The tubular type bannerstone was a favorite of the Benton Culture. Many tubular type bannerstones have been found in the state of Mississippi, primarily within the geographical area known to have been occupied by Benton Peoples. The Benton phase in northeast Mississippi has been reliably dated to have occurred mostly between 3700 B.C. to 3200 B.C.
Lutz pictured a number of tubular bannerstones from North Mississippi, but did not differentiate them into the known distinctly different styles. Little information is currently known concerning the chronology of tubular bannerstone development within the Mississippi Benton phase.
The two tubular bannerstones pictured in Figure above A and B are examples of the most often observed style of Benton tube. Collectors often refer to this tubular bannerstone as a "Covered Wagon" style due to its similar shape profile to the Conestoga Wagon of pioneer days. This style Benton tube was most often made from mint-green claystone, that most likely had its geological origin in the Quachita Mountains of central Arkansas, and it was a favorite material used by Benton culture peoples for manufacturing both tubular and shuttle style bannerstones. This claystone often contained bands of a white material. The perforation, drilled through the long axis of tubular bannerstones, was most often parallel to these bands. Examples that exhibit bands that are perpendicular to the long axis of the bannerstone are rare. The "Covered Wagon" style bannerstone depicted in Figure IC is an example of this rare variant. The example depicted in Figure 1 B is made of a dark-brown claystone, found locally, that was often used to manufacture bannerstones. Higher developed examples of this style exhibit much more concavity of the top edge. However, both convex and straight top edge variants are known. The example depicted in Figure 1 D illustrates a slightly concave top edge with bilateral cane-drilled indentions. This variant with cane-drilled indentions is very rare. Also, solid-stick drilled indentions occur on some "Covered Wagon" style bannerstones. The example depicted in Figure 1 E was pictured earlier by both Knoblock and Lutz and it features bilateral solid-stick drilled indentions.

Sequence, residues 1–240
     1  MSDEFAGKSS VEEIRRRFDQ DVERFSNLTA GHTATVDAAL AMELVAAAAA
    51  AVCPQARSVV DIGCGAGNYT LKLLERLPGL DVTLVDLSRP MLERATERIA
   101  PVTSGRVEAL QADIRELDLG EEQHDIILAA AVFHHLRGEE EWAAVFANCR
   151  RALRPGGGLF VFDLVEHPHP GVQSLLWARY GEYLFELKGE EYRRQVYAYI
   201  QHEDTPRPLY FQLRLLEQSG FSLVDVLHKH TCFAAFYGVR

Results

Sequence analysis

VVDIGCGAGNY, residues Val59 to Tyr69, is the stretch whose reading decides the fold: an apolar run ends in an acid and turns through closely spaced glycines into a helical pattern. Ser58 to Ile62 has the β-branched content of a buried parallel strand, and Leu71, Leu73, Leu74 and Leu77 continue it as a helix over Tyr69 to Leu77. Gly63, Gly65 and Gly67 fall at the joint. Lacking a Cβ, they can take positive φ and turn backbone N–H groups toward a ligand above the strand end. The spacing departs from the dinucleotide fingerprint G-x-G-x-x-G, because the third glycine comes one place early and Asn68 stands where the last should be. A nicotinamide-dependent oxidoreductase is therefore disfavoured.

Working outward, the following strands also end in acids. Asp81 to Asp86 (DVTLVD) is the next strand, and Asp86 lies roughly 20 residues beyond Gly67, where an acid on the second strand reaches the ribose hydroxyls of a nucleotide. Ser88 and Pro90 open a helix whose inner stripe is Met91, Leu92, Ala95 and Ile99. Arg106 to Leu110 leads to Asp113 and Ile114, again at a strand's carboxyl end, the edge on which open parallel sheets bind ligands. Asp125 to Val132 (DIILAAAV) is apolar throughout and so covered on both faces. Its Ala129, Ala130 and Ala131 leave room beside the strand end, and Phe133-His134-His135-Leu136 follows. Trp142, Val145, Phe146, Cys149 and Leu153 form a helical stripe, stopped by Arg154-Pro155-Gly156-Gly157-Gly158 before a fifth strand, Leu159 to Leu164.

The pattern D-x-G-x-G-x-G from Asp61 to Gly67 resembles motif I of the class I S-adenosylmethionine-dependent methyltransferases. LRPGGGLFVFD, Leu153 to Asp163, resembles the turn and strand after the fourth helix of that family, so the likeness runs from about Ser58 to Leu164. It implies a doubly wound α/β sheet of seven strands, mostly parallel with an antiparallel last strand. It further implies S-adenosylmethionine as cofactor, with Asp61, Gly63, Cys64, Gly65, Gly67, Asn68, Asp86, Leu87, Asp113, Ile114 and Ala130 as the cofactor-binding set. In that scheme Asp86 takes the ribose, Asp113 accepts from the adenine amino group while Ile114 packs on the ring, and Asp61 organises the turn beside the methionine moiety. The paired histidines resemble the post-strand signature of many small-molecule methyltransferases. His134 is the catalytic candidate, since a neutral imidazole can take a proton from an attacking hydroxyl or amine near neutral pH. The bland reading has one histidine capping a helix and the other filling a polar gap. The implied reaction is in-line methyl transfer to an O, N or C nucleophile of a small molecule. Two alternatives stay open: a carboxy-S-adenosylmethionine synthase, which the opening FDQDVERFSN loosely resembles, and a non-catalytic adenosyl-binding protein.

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The example depicted in Figure 2 below is an example of a "Mississippi Crown" style Benton tube. This style is rectangular in shape with a well defined hump that is located in the middle of one side. The hump profile of highly developed examples resembles a three-prong crown. This style tube is only found in north Mississippi and most examples are made of mint-green claystone. Examples made of Limonite or a dark-brown claystone are known; cane drilled bilateral indentions occur on some examples of this style. The less developed examples are often made of Limonite and often exhibit cracking and sometimes exfoliation of the outer surface. Less developed examples are often found with caches of small preform biface blades made from Tuscaloosa gravel and small Benton biface points made from Tallahatta quartzite. The example illustrated in Figure 2 is a less developed style of a "Mississippi Crown" style banneerstone.
Another unique style Benton tubular bannerstone is depicted in Figure 2. This style Benton tube is called an "A-Frame" style by collectors. The geometric profile of highly developed examples are made of either a dark-brown claystone or Limonite. Most examples exhibit a fluted base with some having a purported shaft groove. Examples exhibiting a well defined paneling made by removal of the outer surface of each lateral side are known.
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The rarest unique style of Benton tube is depicted in Figure 2. This unique Benton tubular bannerstone is called a "spool" style by collectors. Its geometric profile resembles a sewing machine thread spool. It is rounded in shape with the middle outer surface removed to create a paneling effect. Most examples have a fluted base and are made from mint-green claystone."Used by Permission of the Author"
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